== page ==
Sunday, October 29, 2017

WHAT IS THE GREATEST COMMAND OF THE LAW? a homily for the Thirtieth Sunday, Year A (Matthew 22:34–40)

 The audio is here.
Last week we had the Pharisees and their the enemies the Herodians gathering together to oppose the Lord.  Last week our Lord told us that we are to put God first in our lives.  He told us that while we owe something to our Nation and the State our ultimate loyalty must be to God and to His Law.  As St Thomas More said “I am the King’s good servant but God’s first.”  “I am the King’s good servant but God’s first.”
It seems that this week we have the Pharisees gathering together with another of their enemies, the Sadducees.  The Pharisees were wealthy, devout Jews, men who could afford to spend time studying and observing not just the Law of the Old Testament but the vast body of teaching that had been built up around it.  They also accepted all the prophets and books that we know as the Old Testament.  They were scholars who really wanted to be holy but on their own terms. 
In contrast the Sadducees were the party associated with the Temple priesthood in Jerusalem, a vast extended clan of hereditary clergymen.  They acknowledge no holy books but the Torah, that is, the first five books of our Old Testament.  To them the one and only prophet was Moses, the man who spoke to God face to face.  If a doctrine was not there in the Torah of Moses it was not to be believed which led to a lot of conflict with the Pharisees.  The Sadducees and the Pharisees were no more friends than chalk and cheese.
That was the context behind this simple question: “Teacher, which commandment in the law is the greatest?”  It is one of those questions that experts (or those who think they are experts) would like to argue and discuss ad infinitum.  Our Lord responds by citing the Shema Israel, “Hear O Israel”, the Jewish creed that they still recite everyday.  Indeed the Church also often cites it in her worship for we believe as they do.   Traditionally it is the first prayer an observant Jew will say when he wakes and the last he will say before sleep.  It is their fervent wish to make it their last words in this life.  It is the heart of the Jewish Faith.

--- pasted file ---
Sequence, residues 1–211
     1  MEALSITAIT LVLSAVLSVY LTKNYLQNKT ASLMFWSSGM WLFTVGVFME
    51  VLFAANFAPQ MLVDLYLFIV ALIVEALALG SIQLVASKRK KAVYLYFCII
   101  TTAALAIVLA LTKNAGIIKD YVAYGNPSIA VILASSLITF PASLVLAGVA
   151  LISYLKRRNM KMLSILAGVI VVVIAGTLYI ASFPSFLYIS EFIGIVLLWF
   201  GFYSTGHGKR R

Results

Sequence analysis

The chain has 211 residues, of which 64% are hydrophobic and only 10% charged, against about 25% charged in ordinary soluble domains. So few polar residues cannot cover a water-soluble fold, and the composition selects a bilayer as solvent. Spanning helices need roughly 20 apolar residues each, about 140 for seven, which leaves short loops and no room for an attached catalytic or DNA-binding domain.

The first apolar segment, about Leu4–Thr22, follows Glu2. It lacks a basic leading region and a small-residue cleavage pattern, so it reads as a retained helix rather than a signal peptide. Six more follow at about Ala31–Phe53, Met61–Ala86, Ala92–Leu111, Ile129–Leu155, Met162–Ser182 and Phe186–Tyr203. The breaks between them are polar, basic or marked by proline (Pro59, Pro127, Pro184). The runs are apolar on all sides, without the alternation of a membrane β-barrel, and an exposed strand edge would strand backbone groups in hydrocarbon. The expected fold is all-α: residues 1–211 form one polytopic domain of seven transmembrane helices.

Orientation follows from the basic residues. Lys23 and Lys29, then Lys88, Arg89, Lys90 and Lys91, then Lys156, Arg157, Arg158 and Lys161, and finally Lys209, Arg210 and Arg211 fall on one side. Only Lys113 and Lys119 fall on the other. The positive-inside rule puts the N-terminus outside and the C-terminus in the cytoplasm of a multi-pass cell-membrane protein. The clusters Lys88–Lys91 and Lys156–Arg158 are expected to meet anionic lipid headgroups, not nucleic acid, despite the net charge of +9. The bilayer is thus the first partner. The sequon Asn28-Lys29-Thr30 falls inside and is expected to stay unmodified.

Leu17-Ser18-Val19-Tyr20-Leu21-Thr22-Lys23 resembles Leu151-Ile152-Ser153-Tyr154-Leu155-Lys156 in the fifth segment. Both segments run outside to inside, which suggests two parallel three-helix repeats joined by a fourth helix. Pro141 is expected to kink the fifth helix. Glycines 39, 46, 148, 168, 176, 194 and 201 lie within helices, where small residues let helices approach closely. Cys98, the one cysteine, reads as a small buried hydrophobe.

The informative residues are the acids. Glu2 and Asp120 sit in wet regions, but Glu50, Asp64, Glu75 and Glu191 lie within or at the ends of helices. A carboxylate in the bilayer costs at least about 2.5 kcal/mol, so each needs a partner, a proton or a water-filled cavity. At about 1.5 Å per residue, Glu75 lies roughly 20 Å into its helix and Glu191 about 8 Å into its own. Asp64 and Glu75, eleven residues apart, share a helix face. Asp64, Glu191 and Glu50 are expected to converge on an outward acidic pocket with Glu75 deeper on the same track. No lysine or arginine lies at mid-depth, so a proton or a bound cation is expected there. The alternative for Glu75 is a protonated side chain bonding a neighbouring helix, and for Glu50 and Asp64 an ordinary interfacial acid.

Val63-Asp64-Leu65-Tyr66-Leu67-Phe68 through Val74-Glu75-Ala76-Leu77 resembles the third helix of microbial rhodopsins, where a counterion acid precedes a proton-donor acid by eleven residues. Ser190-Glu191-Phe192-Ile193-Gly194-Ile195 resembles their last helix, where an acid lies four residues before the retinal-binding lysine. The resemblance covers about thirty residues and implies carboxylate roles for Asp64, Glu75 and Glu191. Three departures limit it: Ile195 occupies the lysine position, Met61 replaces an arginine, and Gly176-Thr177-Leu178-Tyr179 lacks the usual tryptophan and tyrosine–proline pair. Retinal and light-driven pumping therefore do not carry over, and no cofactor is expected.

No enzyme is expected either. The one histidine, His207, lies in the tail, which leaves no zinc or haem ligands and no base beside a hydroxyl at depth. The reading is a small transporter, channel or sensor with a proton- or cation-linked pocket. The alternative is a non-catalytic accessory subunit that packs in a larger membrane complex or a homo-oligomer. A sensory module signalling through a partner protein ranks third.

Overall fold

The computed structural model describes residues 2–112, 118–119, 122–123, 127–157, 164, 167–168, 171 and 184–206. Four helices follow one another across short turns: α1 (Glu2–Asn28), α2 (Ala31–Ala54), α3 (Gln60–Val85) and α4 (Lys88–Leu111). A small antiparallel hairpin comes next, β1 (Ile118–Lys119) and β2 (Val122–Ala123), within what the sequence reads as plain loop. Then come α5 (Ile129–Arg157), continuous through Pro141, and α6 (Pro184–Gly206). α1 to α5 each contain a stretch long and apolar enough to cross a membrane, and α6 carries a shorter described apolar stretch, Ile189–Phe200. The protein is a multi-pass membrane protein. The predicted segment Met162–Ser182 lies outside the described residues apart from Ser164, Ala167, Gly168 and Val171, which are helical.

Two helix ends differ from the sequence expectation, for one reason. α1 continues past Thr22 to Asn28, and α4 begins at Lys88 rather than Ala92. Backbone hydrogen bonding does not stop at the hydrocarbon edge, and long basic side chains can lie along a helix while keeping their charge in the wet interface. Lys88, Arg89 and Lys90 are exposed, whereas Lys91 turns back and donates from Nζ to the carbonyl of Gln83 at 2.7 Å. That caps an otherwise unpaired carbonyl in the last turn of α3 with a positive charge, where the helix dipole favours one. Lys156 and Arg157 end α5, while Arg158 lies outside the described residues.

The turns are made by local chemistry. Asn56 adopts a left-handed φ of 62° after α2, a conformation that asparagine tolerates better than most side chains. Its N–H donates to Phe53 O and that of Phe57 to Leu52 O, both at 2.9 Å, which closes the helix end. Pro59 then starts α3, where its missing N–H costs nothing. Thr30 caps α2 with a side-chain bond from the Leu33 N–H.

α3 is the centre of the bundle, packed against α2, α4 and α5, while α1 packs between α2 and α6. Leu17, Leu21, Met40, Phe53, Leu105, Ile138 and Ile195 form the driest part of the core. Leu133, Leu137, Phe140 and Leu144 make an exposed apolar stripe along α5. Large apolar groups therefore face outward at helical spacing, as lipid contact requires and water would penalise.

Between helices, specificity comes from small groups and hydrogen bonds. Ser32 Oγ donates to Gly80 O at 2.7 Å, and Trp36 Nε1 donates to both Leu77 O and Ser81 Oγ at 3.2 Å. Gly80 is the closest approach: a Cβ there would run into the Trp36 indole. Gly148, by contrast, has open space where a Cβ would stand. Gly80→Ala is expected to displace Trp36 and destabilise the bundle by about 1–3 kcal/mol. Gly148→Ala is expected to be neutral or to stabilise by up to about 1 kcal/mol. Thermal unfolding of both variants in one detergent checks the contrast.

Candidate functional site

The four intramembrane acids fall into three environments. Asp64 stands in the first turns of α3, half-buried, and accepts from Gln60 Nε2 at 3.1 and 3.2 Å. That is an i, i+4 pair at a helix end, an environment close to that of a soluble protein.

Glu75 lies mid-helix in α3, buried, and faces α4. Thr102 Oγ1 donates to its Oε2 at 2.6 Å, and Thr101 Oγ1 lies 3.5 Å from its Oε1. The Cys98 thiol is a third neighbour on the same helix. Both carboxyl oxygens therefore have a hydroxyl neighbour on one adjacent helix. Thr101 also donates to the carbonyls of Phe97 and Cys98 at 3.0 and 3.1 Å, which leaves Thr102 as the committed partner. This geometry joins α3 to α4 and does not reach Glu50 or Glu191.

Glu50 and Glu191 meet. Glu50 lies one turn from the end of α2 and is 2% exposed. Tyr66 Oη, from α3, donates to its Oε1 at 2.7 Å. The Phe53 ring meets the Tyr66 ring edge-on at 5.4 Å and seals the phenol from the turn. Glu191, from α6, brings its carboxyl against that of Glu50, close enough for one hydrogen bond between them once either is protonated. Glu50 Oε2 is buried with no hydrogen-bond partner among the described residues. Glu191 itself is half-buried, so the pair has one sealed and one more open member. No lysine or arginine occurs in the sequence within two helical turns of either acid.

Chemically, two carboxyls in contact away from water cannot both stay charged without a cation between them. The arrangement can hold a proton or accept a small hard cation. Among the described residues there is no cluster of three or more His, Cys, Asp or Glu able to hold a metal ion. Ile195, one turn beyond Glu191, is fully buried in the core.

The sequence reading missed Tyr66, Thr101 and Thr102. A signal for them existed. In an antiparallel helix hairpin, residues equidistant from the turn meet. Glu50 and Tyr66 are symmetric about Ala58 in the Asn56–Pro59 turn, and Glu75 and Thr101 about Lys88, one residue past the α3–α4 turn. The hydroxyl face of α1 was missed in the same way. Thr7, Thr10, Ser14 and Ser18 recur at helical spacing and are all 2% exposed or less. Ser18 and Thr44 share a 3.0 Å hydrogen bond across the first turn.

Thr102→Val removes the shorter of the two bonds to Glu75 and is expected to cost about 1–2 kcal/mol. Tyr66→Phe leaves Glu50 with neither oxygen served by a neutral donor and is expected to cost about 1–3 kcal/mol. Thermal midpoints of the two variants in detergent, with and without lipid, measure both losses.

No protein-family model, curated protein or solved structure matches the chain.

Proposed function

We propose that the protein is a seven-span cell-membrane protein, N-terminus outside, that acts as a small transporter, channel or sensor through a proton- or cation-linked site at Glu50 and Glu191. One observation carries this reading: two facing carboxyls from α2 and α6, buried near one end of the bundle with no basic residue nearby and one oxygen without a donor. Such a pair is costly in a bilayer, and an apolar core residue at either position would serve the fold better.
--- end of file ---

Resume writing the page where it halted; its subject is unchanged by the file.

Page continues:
Our Lord does not quote the whole of the Shema nor its first verse but its third line, its very heart.  The Lord God is to be the centre of our lives, of our whole being.  He then adds to it another commandment from the Law, from one of those first five books of the Old Testament, the book of Leviticus, “You shall love your neighbor as yourself”.  This does not mean that we are to love our neighbour more than our true self but neither does it mean that we love him less.  It means that we should put as much energy into loving others as we do into loving our own selves!  Our Lord tells us that this latter commandment is akin to, and dependent on, the first.  Love of God and love of our neighbour are intimately linked and are at the heart of our Faith for both Jews and Christians.  Remember too that for our Lord love does not mean affection nor does it mean mere niceness.  For our Lord love means the total gift of one’s self in service of another.  If you want to know what love means for God looks like look at a crucifix.

Our Lord is telling us that we cannot sincerely love our neighbour if we do not sincerely love God and our love for our neighbour is not sincere if we are not prepared to aid that neighbour in his nakedness, his hunger, his thirst, in other words, his suffering.  We would not let ourselves go hungry if there was food, or thirsty if there was something good to drink, nor naked and cold if there were clothes, nor homeless if there was a place to stay.  If we would not do that to ourselves then we ought not to do it to our neighbour either, not if we claim to love God and hope to go to heaven.  That is the price of eternal life: to show one’s faith in Christ by one’s love for one’s neighbour in his need. 
Some of course will point to others and say ‘why doesn’t he do it?’ or ‘why don’t they?’  But our Lord does not ask you to answer for your neighbour.  Your neighbour will answer for himself before the throne of Judgment just as you and I will. It is there that we will answer for our neglect of those in need unless we take the chances we are given here.  If you want to wipe away your sins start by wiping away the tears of those who are hungry, thirsty, poorly clothed, homeless, lonely or despised.  If you truly love God reach out to those who are in need and you will find that God is there before you, reaching out to you.